It's too long, but it's still an absorbing read. I was also inspired by the work ethic and commitment of the people who made ESPN tick. For all their pros and cons, they're some of the most talented, hard working, driven, creative people you'll ever read about, and their stories made me reflect on my own professional commitments.

It may take a while to get through, and there are some boring parts, but this is very much a worthwhile read.
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on December 28, 2011
As a book, this doesn't work. As individual stories, the good ones that is, it does. The authors' style of letting the subjects tell you a story can be quite good. It can really give you more than one perspective and allow you to inform your own opinion on how things went down. You get a real sense as to what kind of people work(ed) at ESPN and you do get an insider's perspective. But there's just so much that's happened in the company's 30+ years. And the ways that the different stories are connected doesn't completely work as a whole. There is no clear division of subjects. A story can start, get interrupted half way through, and get picked up again later, without explanation. While I really do understand the style of writing taken here, I don't think it works for telling the complete story of ESPN. The book is at times about the business of ESPN or getting into the different peoples' personalities, and never does an outstanding job of doing both for the whole timeline. I think the reason is that if everything was covered, Shelby Foote would have had to write this book.
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on October 5, 2014
This is an excellent historical narrative about ESPN and its beginnings. There is a concentration on the main group of principals who
created and nurtured the network from its earliest days, and a behind-the-scenes descriptive account of who financed and supported the fledging network in the late 1970's & early 1980's. Then, from the boardroom and the control rooms, the book starts to interview personalities and talent. Every famous anchor & co-anchor was interviewed and offered a unique perspective about their tenure there or the atmosphere there during their time there. An interesting book that mainly deals with the beginning of the network and gradually moves into the present day. I recommend it to anyone interested in ESPN or network television.
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on January 15, 2012
I bought Those Guys Have All the Fun because I still listen to Dan Patrick every day (he's actually not in the book very much, but I suppose it says a lot about the book that I didn't much care), but also because I used to watch a ton of ESPN, especially in the 90s.

This book is an oral history of ESPN, presented almost exclusively as unadorned quotes from the over 500 people the authors interviewed, with very little context beyond the quotes themselves. It's really an amazing piece of work. The authors have arranged the interviews to present a historical narrative, often by showing differing perspectives on the same events. It's especially fascinating seeing what several people will say about a particular person, and then what that person will say about themselves.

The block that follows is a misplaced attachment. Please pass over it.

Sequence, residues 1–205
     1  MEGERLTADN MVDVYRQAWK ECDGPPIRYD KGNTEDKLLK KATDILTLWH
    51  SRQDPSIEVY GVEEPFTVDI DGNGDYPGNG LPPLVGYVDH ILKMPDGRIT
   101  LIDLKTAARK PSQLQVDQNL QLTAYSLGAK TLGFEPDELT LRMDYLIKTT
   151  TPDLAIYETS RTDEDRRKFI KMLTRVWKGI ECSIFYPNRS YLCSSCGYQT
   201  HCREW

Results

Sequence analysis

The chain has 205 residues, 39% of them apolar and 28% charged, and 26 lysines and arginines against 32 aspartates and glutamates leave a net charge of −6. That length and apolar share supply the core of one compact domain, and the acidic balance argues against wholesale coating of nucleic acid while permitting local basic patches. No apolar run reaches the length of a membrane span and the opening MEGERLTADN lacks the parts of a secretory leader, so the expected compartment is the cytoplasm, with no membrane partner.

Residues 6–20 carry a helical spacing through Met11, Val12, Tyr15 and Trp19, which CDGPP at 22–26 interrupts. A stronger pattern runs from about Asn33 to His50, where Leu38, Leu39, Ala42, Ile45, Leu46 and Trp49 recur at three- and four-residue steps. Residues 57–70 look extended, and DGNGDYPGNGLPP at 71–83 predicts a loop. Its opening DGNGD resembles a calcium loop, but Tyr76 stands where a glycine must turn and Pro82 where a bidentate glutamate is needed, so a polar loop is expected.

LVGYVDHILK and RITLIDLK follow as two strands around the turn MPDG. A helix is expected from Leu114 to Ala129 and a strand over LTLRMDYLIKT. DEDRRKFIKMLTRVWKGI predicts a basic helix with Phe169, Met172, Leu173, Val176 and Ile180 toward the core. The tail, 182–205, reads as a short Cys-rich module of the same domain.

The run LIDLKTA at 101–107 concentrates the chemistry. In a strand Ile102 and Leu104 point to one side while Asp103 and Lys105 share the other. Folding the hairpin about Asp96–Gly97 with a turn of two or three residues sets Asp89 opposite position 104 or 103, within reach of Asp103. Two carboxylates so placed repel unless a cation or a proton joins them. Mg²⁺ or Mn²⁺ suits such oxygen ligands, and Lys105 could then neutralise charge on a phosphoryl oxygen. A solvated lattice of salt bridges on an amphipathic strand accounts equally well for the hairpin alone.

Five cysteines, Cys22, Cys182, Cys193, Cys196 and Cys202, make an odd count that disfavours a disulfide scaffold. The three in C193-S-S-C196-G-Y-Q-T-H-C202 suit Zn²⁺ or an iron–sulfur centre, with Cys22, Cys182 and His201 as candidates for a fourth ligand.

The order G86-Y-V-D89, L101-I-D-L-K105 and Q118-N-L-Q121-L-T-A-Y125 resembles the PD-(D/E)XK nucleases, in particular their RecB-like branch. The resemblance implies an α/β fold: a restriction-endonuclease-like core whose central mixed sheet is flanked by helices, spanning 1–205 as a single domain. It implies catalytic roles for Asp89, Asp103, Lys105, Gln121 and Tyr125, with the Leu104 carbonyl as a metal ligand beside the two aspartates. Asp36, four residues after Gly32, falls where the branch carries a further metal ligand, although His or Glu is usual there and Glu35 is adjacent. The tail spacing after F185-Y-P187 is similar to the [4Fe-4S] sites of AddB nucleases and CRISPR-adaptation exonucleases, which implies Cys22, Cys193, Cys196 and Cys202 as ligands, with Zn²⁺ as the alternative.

One of the things that makes this book special is the skill of the interviewers. Listening to Jim Miller being interviewed on Dan Patrick's show, for instance, was an eye-opener. Dan Patrick is a good interviewer himself, but during the course of their talk Miller turned the tables on Patrick, becoming the questioner and getting Dan to open up about his experiences at ESPN in a way that he's never really done before. Miller and Shales were obviously very good at getting people to tell them things, and that skill shows in the depth and honesty of the stories included in the book.

I think the most surprising thing about the book was how fascinating the story of the business end of ESPN was. Matt Yoder has written an excellent review over on Awful Announcing that sums what a good job Miller and Shales did in telling the story of how ESPN got started, how it grew, how close it came to imploding, and why it's such a behemoth now. I was prepared, from the reviews I had read and other things I had heard, for the book not to be all about the sensationalism, but I wasn't prepared for what should have been a boring company history to be so compelling. That was the true thesis of the book, showing how ESPN the company evolved from such things as two men buying twenty-four hour satellite access simply because it was only a little more expensive than a four-hour block.

That said, I also felt that the authors, while focusing on the company, also didn't flinch from uncomfortable topics like the excessive drinking and partying and also the rampant sexual harassment. I have read reviews that express disappointment that those events were glossed over, and I can see the basis for that feeling. The authors did leave out some lurid details and sensational stories, but their intent wasn't to write a expose or a tell-all book. In an interview with Dan Patrick, Jim Miller explained that their philosophy about whether or not to include a story hinged on whether it was part of an event that caused a change or an upheaval in the corporation or contributed to a larger chain of events. One example Miller used was the story of one employee who had multiple girlfriends in multiple cities. It was obviously bad behavior on his part, but in the end it was a story that only affected his personal life, not the company, so they left it out of the book. In contrast, when two high-level employees had a messy affair, their relationship was one that ultimately brought about a huge change in how ESPN handled interpersonal relations and sexual harassment. So, in it stayed.

If you're looking for anecdotes about behind-the-scenes hijinks, for backstabbing and badmouthing and tales of petty jealousy, then I won't say that you won't find them here. But all those things are small parts of the whole work, mere asides to the real thesis of the book, which is to tell the story of ESPN through the words of the people who were part of it.